Picture this

A Saskatchewan farmer uses microbial inoculants and biostimulants (microorganisms that promote plant growth and health) instead of the agrochemicals that are traditionally used on her crops to give them a strong start and protect them through to harvest. Her farm’s healthy and robust crops of pulses, grains and oilseeds are used in Canada and around the world to feed its growing population.

Saskatchewan’s biotechnology cluster

Our farmer’s deliberate use of microbes on her crops is just one example of how commercialized biotechnology is being implemented in Saskatchewan. Almost 30 years ago, the Government of Saskatchewan recognized that developments in science and technology would lead to major changes in the province’s agriculture industry. They created world-class research infrastructure and industrial support organizations to catalyze the growth of an ag-bioscience cluster in Saskatchewan.

Last week, I moderated a panel of biotechnology leaders from Saskatchewan’s growing biotechnology cluster. Hosted by Saskatchewan Research Council (SRC), Ag-West Bio and Innovation Place, the forum attracted more than 70 professionals. From the discussions and anecdotes shared by our esteemed panelists – Wilf Keller, Ag-West Bio; Denise LeBlanc, Aquatic and Crop Resource Development, NRC; Mike Crabtree, SRC’s Energy Division; Dean Chapman, Canadian Light Source; Vanessa Pittet, Contango Strategies; and Reno Pontarollo, Genome Prairie – it’s evident Saskatchewan is a global leader in agricultural biotechnology. Whether it’s increasing crop yield and stress resilience (as in our story above), accelerating new variety development or improving livestock production and sustainability, we have embraced biotechnology to deliver more value to the agriculture sector and enhance food security on a global scale.

Biotech beyond agriculture

Now our collective and foundational strengths in agricultural biotechnology have given rise to opportunities to apply these leading-edge capabilities in other areas as well. The objective of last week’s forum was to identify and share our perspectives on emerging opportunities for biotechnology in Saskatchewan and to explore how we work collaboratively to drive innovation by leveraging our respective and mutual core strengths.

The discussion was lively; the topic prompted questions from the floor about small and medium-sized enterprises (SMEs), funding opportunities, balancing basic and applied research, as well as innovation and biotechnology opportunities in other sectors – beyond agriculture.

The same day as our event, Genome Canada launched a new funding opportunity – a large-scale applied research project competition for natural resources and the environment; the scope of which includes areas such as genomics research related to energy, mining, forestry, water stewardship, wildlife management and conservation and bio-products that help conserve natural resources and protect the environment.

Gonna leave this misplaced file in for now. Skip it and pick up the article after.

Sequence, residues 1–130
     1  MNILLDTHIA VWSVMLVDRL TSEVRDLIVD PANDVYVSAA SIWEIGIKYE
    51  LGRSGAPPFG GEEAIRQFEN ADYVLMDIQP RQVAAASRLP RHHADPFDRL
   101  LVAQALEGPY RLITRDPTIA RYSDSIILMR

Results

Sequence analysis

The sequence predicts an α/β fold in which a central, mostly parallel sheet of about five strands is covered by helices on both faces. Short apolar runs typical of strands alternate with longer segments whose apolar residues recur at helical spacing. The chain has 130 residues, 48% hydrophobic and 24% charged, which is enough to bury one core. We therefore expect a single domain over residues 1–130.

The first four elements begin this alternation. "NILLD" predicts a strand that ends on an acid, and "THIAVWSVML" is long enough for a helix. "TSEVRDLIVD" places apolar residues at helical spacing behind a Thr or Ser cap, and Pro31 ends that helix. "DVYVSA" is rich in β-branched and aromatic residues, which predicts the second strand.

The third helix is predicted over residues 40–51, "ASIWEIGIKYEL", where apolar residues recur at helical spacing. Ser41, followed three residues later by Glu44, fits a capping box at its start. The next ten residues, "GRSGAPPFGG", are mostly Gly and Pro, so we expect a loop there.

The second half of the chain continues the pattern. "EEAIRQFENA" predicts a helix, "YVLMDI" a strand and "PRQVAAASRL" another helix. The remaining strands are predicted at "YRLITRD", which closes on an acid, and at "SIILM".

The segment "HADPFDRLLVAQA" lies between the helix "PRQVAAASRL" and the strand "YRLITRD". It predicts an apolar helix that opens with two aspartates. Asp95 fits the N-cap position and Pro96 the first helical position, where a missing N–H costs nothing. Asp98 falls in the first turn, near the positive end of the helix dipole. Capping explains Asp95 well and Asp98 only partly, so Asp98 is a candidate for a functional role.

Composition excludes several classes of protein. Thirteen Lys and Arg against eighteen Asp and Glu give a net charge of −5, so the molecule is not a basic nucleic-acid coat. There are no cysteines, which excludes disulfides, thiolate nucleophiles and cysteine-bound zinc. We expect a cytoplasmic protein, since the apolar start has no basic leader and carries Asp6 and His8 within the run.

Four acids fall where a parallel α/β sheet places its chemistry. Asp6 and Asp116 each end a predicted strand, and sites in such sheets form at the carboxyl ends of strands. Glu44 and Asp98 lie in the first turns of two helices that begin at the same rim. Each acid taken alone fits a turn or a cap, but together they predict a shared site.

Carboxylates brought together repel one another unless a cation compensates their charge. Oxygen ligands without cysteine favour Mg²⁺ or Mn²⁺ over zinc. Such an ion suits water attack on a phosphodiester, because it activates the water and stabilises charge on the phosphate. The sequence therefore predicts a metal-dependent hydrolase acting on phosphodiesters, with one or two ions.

The discussions touched on a need for a greater balance in bioscience funding priorities and organizational mandates for supporting SMEs. The Canadian Light Source, for example, has a focus on commercial partnerships with industry, with a target of 25 per cent industrial usage.

The conversation helped open the door for a greater understanding of the vast capabilities throughout the cluster and opportunities for further collaborations.


So what’s next?

I envision follow-up discussions and presentations in the months and years to come, focusing on entrepreneurship, biotech in the mining and energy sectors, environmental bioremediation and more. SRC looks forward to engaging various communities and sectors in honest dialogue about the future of Saskatchewan’s biotechnology cluster.

Now picture this

Local scientists meet with a mining client to design wetlands and explore microbial capabilities to remediate a mine site. At this same site, uranium has been leached from low-grade ore, waste rock and mine tailings using economically viable and environmentally friendly biotechnology discovered by SRC researchers.

Some of these life science solutions are already in use today – and we aren’t too far off from having this new story become the norm. These technologies are being developed and commercialized in a thriving biotechnology science cluster right here in Saskatchewan.


This post originally appeared on SRC’s blog about science and technology, From the Lab to the Loading DockRead more SRC blogs


About the author:
Phil Stephan is SRC’s Vice-President of Strategic Initiatives. He previously served as a Business Unit Manager for SRC’s crop testing lab and managed global business development at SemBioSys Genetics Inc. In addition to corporate management and leadership, he holds undergraduate and graduate degrees in agricultural biotechnology and biomedical technology. 




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